For the last leg of our tour, we went to the seaside – West Coast. Ayr is a cute little town that is great if you like to golf and if the weather is nice. Unfortunately for us, neither of us likes to golf and the first day we were there was miserable.
From the train station, we found our B&B after getting turned around a few times and a bird shit on my arm–one thing you should know about Ayr is that they aren’t very imaginative in their urban planning, what with Beresford Street, Beresford Road, Beresford Crescent and Bellevue Lane, Bellevue Street, Bellevue Place and Carrick Road where we stayed had 5 different names, so have a map and don’t get too drunk. Chalmers B&B was lovely and our room was spic and span with crown moldings to die for. It was my turn for the little bed. Even though it was windy as hell and a bit rainy, we headed out to find the Tourist Info and seaside.
Had lunch at a funky place in the downtown area called The Treehouse, and it poured while we were in there. We were the only people except for a crazy dog-walker that ventured on to the promenade in the afternoon and all we got for our troubles was a sand facial. I was envisioning a nice walk on the beach and maybe some lounging but it was not to be.
So in the end this day was a bit of a bust and if I had to do it over again, I’m thinking we would have booked elsewhere. Dinner was a pleasant surprise though – quite authentic Italian at a seaside hotel – the Ariabiata sauce was fresh and the olive oil was thick enough to run a luxury car. After dinner we had a yen for dessert and whisky and found the Beresford Wine Bar & Art Gallery which was marvelous in the way that only fabulous gay owners can muster: really interesting art on the walls, gorgeous cufflinks on the owners and sprite of a waiter who had a quick wit and a firm grasp on the nature of whisky and sweets. A real gem.
We caught the local bus the next morning out to Culzean Castle and Park. This was a very different castle experience, in that a) the castle is intact and b) it’s set up as it was in the 18th Century, which is pretty damned recent in castle time. The 500-acre estate includes a deer park, swan pond, walled gardens, walking trails in woods and across fields, as well as a stretch of beach. The castle has been in the Kennedy family since the middle ages (not those Irish Kennedys, one of the guides was quick to point out). But in the time-honoured way, some gambling, some drinking and all around profligacy left the clan in a situation: taxes owed were more than worth of estate. Ergo, now it’s a “national trust treasure”.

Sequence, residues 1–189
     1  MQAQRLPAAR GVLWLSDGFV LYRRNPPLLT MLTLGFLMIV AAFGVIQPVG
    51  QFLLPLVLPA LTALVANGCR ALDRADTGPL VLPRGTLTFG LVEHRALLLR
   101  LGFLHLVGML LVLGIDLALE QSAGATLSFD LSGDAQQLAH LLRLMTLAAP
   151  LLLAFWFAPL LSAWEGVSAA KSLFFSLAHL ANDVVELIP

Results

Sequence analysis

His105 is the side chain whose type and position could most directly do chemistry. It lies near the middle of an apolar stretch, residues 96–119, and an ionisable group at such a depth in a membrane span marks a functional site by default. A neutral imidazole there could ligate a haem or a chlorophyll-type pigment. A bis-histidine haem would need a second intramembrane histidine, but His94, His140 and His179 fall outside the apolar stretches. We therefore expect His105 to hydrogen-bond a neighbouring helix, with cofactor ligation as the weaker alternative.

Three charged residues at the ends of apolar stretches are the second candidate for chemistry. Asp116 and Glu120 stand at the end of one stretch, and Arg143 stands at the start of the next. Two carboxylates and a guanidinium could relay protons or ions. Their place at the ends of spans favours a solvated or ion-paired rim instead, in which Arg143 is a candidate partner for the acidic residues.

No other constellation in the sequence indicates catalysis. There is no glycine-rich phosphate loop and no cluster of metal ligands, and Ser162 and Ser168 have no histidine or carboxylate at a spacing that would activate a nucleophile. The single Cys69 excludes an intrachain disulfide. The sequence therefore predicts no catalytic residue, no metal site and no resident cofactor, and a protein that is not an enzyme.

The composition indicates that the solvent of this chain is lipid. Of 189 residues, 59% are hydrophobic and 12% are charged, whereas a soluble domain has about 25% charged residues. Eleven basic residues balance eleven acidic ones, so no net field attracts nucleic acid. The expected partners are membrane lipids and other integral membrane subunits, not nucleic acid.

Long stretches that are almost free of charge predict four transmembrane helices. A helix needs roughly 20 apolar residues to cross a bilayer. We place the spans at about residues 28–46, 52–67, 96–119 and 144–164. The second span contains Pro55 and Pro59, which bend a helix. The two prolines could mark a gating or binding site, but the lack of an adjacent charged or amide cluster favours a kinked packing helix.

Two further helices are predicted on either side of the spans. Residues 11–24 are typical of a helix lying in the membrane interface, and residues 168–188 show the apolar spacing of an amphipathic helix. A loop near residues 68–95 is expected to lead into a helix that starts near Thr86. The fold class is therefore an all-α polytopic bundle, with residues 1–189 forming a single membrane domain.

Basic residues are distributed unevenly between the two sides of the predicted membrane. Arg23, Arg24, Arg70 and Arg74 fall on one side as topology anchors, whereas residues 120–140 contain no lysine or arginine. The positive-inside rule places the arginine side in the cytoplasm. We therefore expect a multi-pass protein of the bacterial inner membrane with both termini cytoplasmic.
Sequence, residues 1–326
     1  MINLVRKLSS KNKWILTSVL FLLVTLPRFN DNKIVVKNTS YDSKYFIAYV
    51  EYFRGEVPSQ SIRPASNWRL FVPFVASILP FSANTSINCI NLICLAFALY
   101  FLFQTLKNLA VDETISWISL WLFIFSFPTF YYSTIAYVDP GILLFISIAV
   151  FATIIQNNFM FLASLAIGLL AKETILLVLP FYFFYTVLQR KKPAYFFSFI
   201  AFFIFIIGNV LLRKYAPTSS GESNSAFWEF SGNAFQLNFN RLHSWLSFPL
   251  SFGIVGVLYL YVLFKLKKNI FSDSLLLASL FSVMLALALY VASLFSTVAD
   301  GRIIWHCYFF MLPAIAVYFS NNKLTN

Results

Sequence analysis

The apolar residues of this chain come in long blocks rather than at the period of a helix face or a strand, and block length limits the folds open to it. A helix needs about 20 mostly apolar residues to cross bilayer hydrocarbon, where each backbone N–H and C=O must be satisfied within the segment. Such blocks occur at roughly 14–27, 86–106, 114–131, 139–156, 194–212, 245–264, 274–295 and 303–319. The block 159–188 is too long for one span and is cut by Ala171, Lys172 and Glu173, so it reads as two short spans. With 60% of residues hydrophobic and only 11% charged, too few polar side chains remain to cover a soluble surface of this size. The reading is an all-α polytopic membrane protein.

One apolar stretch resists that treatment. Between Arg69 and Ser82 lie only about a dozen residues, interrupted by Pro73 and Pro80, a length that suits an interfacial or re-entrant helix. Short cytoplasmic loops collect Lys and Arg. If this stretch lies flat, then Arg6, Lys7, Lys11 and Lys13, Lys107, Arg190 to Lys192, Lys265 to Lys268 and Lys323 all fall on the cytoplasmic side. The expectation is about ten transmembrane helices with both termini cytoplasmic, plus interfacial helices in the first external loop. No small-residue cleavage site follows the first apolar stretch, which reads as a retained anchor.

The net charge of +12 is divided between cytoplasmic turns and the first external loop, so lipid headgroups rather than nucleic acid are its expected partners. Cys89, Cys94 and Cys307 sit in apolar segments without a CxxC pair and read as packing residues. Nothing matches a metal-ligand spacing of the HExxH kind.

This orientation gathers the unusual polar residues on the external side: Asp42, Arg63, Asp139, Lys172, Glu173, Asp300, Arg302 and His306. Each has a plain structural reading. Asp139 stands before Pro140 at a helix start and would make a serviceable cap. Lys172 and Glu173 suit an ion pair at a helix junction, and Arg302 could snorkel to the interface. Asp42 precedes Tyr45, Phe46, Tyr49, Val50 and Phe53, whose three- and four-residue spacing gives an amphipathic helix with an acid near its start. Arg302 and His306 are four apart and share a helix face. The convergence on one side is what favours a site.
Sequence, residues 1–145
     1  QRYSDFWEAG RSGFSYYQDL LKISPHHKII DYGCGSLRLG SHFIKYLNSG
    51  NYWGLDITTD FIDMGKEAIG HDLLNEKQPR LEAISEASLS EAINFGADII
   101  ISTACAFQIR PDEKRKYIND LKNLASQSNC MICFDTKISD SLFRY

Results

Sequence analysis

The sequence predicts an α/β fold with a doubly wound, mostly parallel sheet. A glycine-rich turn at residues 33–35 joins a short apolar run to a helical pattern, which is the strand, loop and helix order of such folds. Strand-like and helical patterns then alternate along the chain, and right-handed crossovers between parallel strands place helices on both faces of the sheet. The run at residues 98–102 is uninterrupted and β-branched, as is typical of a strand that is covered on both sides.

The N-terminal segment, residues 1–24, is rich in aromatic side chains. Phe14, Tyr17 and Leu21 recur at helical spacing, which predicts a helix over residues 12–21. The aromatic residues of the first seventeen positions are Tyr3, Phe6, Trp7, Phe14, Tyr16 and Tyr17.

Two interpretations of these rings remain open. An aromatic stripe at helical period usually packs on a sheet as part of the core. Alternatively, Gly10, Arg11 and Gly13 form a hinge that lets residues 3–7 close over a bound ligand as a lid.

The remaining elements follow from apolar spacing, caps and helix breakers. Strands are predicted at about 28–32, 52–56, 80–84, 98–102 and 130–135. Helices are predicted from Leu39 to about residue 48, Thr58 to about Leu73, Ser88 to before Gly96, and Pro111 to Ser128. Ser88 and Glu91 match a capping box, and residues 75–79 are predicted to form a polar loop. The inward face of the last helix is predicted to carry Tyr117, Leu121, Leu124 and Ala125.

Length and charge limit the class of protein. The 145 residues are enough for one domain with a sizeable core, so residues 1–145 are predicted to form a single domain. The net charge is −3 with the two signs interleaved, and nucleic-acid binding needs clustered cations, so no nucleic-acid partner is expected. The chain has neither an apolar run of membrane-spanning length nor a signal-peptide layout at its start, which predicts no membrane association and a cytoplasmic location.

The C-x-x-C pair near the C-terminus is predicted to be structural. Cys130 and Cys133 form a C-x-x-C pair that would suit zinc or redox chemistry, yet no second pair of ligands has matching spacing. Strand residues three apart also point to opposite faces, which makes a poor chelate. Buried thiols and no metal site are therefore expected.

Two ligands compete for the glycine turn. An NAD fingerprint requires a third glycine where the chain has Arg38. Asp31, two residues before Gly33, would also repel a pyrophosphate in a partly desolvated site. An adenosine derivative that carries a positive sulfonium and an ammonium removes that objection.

A Kennedy helped Mary Queen of Scots off her husband Lord Darnley in 1567, and it was another one who was arrested for drunk driving and go over 20 mph in the 1920′s.
The castle itself was redesigned and extended in the 18th Century by Robert Adam in the grand neoclassical style and it’s this phase of its life that has been preserved. We couldn’t take pictures inside (again) but the furnishings and design were quite something–gave me additional fodder for my imagination the next time I read some late 18thC parlour lit.
The grounds were gorgeous – we walked many kilometers I’m sure, through the gardens and to the pond and then I also found some crazy path through the woods to the steps down to the sea. The day was gorgeous as well -sunny and mid-20s, so it was quite a nice wander. By the end of the day, however, I think we were feeling it in our feet after a week of “hills go up”.
For our last dinner in Scotland, we went to the Carrick Inn up the street from our B&B. Dinner was good – and I had Cullen Skink as my appetizer, which is the very Scots version of chowder I guess, with smoked haddock (very good) and potatoes in a cream base. Definitely the kind of thing that would warm your innards on a cold and wet night. When it came time for my whisky though, our waiter, who was all of 16 (and looked 14), was at a loss on recommendations. I asked if they had any Caol Ila so he went off to check with the bartender. Came back and asked me if I meant “Kahlua” to which I replied, “what kind of Scot are you? Kahlua?” In the end, I had to walk over to the bar myself to find a suitable selection. I mean, really.
And that was it, pretty much. Our next morning was a leisurely breakfast before heading off to the airport (where I did find my Caol Ila, and a big bottle of it at that).
All in all, a wonderful week away.